A risk-based approach to managing highways

  • Highways are essential for economic growth and the lives of communities, and local authorities have a duty to keep them well-maintained
  • The Well-managed Highways Infrastructure Code of Practice 2016 advocates a risk-based approach to all aspects of highway maintenance
  • We take a look at landmark court decisions relating to highways claims, and the lessons for local authorities on risk and claims defensibility

Well-managed highways play a central role in the lives of the communities they serve, and are essential for economic growth.

The Well-managed Highways Infrastructure Code of Practice 2016, commissioned by the Department for Transport, provides a starting point for local authorities to develop, review and formally approve highway infrastructure maintenance policy.

The 2016 code of practice has been designed to promote an integrated approach to highways asset management, based on local needs, priorities and affordability.

While it doesn’t contain prescriptive guidance on inspections – leaving the onus on individual authorities to devise their own policies and procedures – it advocates a risk-based approach to all aspects of highways maintenance, covering inspection frequencies, responsive repair times, resilience and priorities.

More than 30,000 claims are made against highways authorities each year, forming the largest proportion of Public Liability claims at Zurich Municipal.

Despite the lack of rigid guidance, we are now more than halfway through the two year transition period, and each highway authority must adopt the code’s recommendations by November 2018, basing these on their own risks, needs and priorities.

We take a look at some of the landmark court decisions relating to highways claims, as featured in Zurich Municipal’s Highways Fluidbook, and some of the key lessons for local authorities.

While there were varying backgrounds and outcomes in the cases listed, each represents a landmark decision that has come to define the courts’ expectations in managing highways risk, setting a precedent for future decisions.

Case 1: Mills v Barnsley Metropolitan Borough Council (1992)

Key lesson for local authorities:

This case explored what constituted a dangerous defect, ruling that the claimant must demonstrate three things:

  • The highway was in a dangerous condition
  • The dangerous condition was caused by a failure to maintain or repair the highway
  • The injury or damage resulted from such a failure

Case 2: James v Preselli Pembrokeshire District Council (1993)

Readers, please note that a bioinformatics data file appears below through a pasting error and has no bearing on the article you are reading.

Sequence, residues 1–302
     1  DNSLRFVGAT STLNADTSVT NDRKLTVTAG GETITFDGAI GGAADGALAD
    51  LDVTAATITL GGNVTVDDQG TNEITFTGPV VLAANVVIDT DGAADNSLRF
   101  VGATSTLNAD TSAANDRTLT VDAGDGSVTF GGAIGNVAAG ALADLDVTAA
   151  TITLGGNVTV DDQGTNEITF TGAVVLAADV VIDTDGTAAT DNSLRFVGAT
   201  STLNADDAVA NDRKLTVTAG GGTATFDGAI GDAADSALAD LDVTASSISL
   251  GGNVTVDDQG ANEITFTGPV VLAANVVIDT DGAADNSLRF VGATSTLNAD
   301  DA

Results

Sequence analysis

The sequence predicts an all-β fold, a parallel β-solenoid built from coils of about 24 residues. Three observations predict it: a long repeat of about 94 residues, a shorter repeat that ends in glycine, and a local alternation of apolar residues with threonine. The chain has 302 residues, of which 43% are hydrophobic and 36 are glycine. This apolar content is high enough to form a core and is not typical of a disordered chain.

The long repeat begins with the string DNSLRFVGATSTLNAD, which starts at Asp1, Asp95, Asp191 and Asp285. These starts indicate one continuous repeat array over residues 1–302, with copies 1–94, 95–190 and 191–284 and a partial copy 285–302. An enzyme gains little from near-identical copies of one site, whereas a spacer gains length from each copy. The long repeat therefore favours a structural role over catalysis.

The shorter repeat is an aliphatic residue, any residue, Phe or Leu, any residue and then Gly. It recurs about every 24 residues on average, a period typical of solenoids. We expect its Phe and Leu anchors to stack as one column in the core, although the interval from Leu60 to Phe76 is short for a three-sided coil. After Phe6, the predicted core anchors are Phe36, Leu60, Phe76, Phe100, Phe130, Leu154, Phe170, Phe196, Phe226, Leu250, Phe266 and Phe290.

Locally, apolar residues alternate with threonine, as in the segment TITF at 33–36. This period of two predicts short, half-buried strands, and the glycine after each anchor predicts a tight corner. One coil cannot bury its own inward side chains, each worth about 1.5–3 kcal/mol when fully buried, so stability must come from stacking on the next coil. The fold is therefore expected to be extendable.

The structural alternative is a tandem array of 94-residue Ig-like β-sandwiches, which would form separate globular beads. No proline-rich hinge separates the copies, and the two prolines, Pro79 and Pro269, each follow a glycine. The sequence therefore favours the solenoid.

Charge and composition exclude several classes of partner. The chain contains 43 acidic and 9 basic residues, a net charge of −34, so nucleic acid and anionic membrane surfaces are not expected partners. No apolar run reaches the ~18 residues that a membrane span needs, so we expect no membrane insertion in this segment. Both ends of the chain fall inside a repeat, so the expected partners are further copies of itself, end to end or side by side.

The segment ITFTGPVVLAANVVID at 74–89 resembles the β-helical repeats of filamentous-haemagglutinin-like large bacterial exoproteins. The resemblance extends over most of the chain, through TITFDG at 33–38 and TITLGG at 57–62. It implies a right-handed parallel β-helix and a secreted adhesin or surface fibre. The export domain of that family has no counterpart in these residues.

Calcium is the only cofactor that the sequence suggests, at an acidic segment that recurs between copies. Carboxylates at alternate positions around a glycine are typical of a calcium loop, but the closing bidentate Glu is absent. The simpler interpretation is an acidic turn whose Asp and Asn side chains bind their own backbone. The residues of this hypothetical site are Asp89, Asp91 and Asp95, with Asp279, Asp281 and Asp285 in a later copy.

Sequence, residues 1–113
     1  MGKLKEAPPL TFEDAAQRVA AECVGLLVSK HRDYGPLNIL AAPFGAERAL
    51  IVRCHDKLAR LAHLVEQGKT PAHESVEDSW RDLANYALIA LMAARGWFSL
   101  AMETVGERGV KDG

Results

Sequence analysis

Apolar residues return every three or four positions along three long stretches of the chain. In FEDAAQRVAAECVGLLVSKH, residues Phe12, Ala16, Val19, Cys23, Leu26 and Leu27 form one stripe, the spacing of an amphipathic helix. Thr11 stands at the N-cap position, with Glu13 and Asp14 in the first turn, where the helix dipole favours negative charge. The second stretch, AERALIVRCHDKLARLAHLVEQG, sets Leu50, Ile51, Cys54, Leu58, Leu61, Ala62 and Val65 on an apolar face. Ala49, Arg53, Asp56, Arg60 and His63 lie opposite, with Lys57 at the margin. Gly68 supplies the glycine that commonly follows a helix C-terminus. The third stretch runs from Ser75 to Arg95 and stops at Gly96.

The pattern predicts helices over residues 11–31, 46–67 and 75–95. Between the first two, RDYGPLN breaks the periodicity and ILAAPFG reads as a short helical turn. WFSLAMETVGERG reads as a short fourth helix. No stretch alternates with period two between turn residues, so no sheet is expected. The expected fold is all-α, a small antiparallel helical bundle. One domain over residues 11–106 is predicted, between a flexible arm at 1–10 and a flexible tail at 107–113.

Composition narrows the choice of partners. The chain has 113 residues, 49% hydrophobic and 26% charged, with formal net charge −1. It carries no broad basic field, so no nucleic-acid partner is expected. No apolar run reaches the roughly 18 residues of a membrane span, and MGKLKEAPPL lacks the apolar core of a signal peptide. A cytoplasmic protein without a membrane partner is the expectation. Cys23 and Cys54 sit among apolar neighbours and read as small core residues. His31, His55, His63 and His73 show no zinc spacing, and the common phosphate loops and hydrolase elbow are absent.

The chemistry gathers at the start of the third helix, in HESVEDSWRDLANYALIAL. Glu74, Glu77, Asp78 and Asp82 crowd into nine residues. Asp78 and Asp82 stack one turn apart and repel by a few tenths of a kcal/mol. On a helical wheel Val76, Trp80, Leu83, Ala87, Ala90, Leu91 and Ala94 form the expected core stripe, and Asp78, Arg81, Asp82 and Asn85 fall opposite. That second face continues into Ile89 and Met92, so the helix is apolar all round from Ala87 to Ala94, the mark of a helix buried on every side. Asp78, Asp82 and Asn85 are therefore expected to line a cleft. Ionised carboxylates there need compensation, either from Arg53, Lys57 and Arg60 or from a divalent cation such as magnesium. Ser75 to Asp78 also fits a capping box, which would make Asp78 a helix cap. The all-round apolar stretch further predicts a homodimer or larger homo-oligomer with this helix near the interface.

Key lessons for local authorities:

The onus is now on the claimant to prove that a particular spot where the accident occurred is dangerous. This ruling makes it irrelevant whether there were other dangerous spots nearby, or if the area as a whole needs resurfacing.

Case 3: Littler v Liverpool Corporation (1968)

Key lessons for local authorities:

The court ruled that the onus on a Highway Authority must not be oppressive, and that while difference between the level of flagstones of about an inch may cause trips, “a highway is not to be judged by the standards of a bowling green.”

This has given rise to the traditional view that defects of less than an inch should not usually be actionable. There are however exceptions to this tradition, notably Pitman v Southern Electricity Board (1978), which ruled that a defect of approximately 3mm was actionable.

Case 4: Dalton v Nottingham County Council (2011)

Key lessons for local authorities:

While the court will take into account a highway authority’s inspection and maintenance regime, it is for the court to make its own decision on the level of danger. Failure by a local authority to comply by its own policy does not necessarily mean breach of duty, as the council’s policy may fall below or exceed that which is reasonable.

Case 5: Wilkinson v City of York Council (2011)

Key lessons for local authorities:

The council had in place a policy for annual inspection. However, the 2005 Well Maintained Highways Code of Practice suggests the type of highway in question should be inspected every three months. The council presented evidence suggesting it was constrained by lack of financial and operational resources. However, the Court of Appeal held that these considerations were irrelevant when considering the case in question.

Case 6: Goodes v East Sussex County Council (2002)

Key lessons for local authorities:

It was held that a highway authority does not have an absolute duty to remove all ice, ruling that it is instead “under a duty to ensure, so far as is reasonably practicable, safe passage along the highway is not endangered by snow or ice.”

As a result, courts consistently find that highways authorities can’t be expected to salt and/or grit their entire highway network. Instead, they must adopt a risk-based approach that takes into account an element of available finance and prioritising certain parts of the network.

For local authorities looking to develop an integrated approach to highways asset management, Zurich Municipal’s Highways Fluidbook introduces the 2016 code of practice and provides further information about highways law, highways funding and the introduction of a risk-based approach to highways management.